For more information on forms, retreats and other offerings of the Dharma Cloud Lineage, also see the Dharma Rain Zen Center website.  Mark Sosetsu Stauffer is a transmitted lay teacher in the Dharma Cloud Lineage.

Ango Period (and opening aspiration sharing)

Ango is a traditional time in fall and spring of practice marked by an increased commitment to exploration, meditation, service, and study. 100 days of aspirational practice provides an opportunity to develop a deeper understanding one’s life. Some aspirations can be like a north star; it is a compass that points us in the right direction even though it is not the path. Each person tailors their vows or aspirations to adapt to their life circumstances. These can be challenging, and also, joyous and lite, or just practical. By sharing our practice in community, we support one another and witness each other. 

Robe Verse (optional chanting 3 times after the first sitting period of the day)

How great the robe of liberation!

A formless field of benefaction,

Wrapping ourselves in Buddhas teaching,

We free all living beings.


For twenty-five hundred years the practice of Zen meditation and the essence of Buddhism has been transmitted. Zazen simply means “seated meditation.” In Soto Zen, we use the method known as shikantaza, or “serene reflection.” The meditation is an expression of awakened awareness and stillness; one is instructed to “just sit” and let go of intentional and patterned thinking when it arises.  In addition, the Soto Zen tradition is unusual in that practitioners face toward the wall when sitting Zazen.

Zazen brings a state of stable, focused presence by repeatedly and lightly bringing the mind back to present. Rather than using mantras, images, or other anchors, it is an objectless method of meditation. Although simple and straightforward at first glance, it is radical in its acceptance of conditions. Zazen helps us see clearly and become intimate with our heart-mind ("shin") and how our habit patterns effect our present moment and daily life. Through stillness and seeing, an awareness of the dynamic, impermanent nature of mind arises as a confidence in how things are. Thoughts, feelings, patterns, ideas, etc. can be noticed as temporal against the limitless ground of mind itself. The practice of Zen is a direct method of finding this place of real truth within ourselves, and learning to function with this wisdom.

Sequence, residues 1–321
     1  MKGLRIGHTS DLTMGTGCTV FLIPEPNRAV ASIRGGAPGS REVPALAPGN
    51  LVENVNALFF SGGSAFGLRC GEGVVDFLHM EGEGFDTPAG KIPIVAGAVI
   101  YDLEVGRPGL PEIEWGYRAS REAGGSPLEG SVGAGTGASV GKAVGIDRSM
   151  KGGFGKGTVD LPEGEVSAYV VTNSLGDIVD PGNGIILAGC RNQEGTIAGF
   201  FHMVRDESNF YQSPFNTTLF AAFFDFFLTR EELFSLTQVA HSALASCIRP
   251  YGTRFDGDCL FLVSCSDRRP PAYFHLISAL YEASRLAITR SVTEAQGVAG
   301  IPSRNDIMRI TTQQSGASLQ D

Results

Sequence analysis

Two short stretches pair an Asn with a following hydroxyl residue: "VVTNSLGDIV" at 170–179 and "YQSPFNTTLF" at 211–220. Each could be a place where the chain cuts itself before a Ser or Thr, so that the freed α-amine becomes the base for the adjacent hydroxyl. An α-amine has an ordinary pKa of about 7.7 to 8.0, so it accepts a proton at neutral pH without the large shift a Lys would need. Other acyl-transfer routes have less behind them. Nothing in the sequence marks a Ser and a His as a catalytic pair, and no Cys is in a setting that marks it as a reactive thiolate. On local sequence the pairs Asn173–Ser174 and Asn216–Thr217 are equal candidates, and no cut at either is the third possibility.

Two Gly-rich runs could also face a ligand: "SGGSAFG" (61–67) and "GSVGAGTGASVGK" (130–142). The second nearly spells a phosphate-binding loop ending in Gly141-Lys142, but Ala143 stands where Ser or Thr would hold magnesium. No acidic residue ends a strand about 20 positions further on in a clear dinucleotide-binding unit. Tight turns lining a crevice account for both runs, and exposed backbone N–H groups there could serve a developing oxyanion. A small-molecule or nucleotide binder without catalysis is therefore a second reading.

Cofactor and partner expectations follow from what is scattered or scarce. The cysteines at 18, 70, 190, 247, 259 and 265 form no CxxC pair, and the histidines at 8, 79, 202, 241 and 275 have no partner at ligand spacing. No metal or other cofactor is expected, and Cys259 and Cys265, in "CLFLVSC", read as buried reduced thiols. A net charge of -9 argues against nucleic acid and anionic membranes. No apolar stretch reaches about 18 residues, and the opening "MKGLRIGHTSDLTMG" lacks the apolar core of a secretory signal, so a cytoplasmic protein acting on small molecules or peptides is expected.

Kinhin (or walking meditation)

Kinhin is a type of walking mindfulness often done in a zendo (i.e., meditation hall).  It may be slow or fast paced depending if it is inside or outside respectively. 


A private interview between a Dharma teacher and a dharma student. Email Mark Sosetsu to arrange a time.